Union University just issued a press release indicating that long-time president David S. Dockery will transition to a chancellorship in 2013 or 2014. Here’s a bit:
“I am hopeful and prayerful for a good, smooth, joyful and positive transition,” Dockery said. “God has blessed the work of our hands and manifested his favor to this university time and time again during these past 17 years. I am confident that we will continue to see God’s grace made known to Union in the future.
I thought these comments from Dean Gregory Thornbury were unquestionably on the mark. What made Dockery such a strong and effective president was firstly his intellectual and theological acumen:
“By any measure, David Dockery’s presidency at Union University has been the most laudable illustration of leadership success in Christian higher education,” said Greg Thornbury, dean of Union’s School of Theology and Missions. “Many will rightly praise him for Union’s phenomenal enrollment growth, outstanding academic markers and advances in local, regional and national stature.
“But all of this would not be nearly as important had it not been for his vigilant sense for and keen articulation of the university’s distinctive mission,” Thornbury continued. “In my opinion, these characteristics flowed from him being who God gifted him first and foremost to be: a theologian of the first order. By connecting a vision for Union with the great Christian intellectual tradition, he connected the institution he served so ably with something worthy, something noble, something permanent.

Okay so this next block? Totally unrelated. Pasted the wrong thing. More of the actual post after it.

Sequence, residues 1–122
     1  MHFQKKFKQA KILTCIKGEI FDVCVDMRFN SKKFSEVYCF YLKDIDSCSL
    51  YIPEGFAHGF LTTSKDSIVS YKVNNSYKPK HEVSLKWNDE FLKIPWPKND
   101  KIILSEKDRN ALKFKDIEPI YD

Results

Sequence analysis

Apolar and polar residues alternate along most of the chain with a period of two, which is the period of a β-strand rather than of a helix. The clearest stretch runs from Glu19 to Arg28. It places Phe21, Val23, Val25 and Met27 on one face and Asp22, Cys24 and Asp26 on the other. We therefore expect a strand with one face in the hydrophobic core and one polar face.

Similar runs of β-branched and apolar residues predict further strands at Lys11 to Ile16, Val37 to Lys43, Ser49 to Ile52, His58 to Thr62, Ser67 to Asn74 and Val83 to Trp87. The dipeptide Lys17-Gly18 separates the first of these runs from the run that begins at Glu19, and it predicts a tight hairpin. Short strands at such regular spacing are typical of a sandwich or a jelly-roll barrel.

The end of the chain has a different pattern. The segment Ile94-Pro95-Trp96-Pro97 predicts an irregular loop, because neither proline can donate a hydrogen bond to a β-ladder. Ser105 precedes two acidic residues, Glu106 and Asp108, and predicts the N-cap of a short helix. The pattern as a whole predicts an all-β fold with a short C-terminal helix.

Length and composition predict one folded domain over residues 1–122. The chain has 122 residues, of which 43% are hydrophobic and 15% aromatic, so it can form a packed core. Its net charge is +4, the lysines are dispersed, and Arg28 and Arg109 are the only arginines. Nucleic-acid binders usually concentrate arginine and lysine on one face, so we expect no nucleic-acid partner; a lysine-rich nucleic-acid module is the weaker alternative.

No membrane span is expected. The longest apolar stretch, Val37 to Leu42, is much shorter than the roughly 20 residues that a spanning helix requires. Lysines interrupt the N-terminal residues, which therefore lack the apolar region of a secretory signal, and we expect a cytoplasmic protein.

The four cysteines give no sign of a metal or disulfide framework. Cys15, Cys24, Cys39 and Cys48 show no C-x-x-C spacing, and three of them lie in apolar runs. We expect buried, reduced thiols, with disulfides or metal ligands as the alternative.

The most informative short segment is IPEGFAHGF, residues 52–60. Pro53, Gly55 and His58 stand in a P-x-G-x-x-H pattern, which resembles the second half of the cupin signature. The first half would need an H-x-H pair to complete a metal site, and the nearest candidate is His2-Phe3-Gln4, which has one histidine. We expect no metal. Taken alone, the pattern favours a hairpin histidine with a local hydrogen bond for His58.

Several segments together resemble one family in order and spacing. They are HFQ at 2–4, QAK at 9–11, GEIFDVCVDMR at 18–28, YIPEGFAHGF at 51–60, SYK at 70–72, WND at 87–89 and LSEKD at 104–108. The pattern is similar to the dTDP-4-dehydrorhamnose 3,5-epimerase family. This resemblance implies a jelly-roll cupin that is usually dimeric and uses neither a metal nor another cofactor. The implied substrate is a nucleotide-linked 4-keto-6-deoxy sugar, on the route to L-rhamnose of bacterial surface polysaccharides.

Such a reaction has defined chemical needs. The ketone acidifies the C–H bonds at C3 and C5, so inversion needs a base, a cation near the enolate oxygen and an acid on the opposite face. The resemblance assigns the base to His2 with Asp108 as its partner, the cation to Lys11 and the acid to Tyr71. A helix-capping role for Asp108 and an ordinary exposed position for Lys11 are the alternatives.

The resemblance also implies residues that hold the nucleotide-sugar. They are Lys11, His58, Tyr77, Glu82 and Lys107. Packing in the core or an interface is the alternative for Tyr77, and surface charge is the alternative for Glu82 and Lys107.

Many young Baptists and evangelicals are thankful for Dr. Dockery’s work and legacy. I’ve seen Dockery take time out of his incredibly busy schedule to treat a few young guys to lunch and then spend the time listening to them and encouraging them. That made a mark on me. This is a man who is gracious, wise, and courageous–worthy of emulation.
I blogged here a couple weeks ago about the relative strength of the evangelical mind. Dockery is a key piece in the counter-narrative to the idea that evangelicals can’t and don’t think. What God has enabled him to build at Union is remarkable: confessional scholarship that is rigorous and life-giving. He could do so because he had trained his own mind to think to the glory of God. Smart decision-making is not opposed to wise thinking; ideally, the latter strengthens and drives the former.
Let’s hope for other leaders to pick up this mantle.